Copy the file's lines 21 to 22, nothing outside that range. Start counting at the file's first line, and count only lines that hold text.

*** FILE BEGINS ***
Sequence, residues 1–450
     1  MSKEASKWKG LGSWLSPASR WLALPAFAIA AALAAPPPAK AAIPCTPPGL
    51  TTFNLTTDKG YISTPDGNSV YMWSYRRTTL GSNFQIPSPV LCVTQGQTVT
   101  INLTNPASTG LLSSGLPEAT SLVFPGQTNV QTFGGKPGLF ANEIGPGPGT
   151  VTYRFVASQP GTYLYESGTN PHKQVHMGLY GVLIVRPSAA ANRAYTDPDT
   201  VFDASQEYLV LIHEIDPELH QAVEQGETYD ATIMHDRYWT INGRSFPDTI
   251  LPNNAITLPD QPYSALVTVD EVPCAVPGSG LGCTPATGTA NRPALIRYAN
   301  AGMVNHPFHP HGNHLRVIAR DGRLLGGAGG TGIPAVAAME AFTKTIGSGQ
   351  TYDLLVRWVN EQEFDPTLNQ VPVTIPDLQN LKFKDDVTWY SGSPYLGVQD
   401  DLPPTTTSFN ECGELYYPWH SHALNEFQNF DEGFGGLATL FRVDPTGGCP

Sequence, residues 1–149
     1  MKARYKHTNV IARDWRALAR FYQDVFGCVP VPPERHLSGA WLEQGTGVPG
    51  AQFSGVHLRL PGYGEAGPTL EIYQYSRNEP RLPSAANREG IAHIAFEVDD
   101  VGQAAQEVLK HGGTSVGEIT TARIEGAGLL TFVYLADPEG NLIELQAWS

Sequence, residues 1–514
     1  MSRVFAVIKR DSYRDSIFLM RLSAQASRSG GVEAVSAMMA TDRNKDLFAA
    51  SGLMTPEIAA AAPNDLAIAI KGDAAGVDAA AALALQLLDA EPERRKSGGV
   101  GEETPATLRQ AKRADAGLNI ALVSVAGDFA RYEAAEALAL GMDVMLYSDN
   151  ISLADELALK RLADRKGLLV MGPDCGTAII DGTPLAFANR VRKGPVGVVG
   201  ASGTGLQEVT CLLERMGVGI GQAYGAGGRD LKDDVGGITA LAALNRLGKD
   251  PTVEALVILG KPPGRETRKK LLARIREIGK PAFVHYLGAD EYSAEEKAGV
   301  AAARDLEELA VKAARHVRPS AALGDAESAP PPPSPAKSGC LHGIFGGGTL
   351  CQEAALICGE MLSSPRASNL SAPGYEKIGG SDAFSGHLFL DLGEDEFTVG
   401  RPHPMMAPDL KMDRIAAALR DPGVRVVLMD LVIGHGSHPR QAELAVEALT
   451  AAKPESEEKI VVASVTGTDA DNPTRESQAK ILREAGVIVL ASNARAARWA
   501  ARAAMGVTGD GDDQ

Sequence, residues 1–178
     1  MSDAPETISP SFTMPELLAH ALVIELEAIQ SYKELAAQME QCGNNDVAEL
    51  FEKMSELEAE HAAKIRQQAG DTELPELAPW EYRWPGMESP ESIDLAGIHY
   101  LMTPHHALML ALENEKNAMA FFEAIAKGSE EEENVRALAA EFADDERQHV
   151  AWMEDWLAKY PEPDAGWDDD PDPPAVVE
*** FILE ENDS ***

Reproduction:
   251  PTVEALVILG KPPGRETRKK LLARIREIGK PAFVHYLGAD EYSAEEKAGV
   301  AAARDLEELA VKAARHVRPS AALGDAESAP PPPSPAKSGC LHGIFGGGTL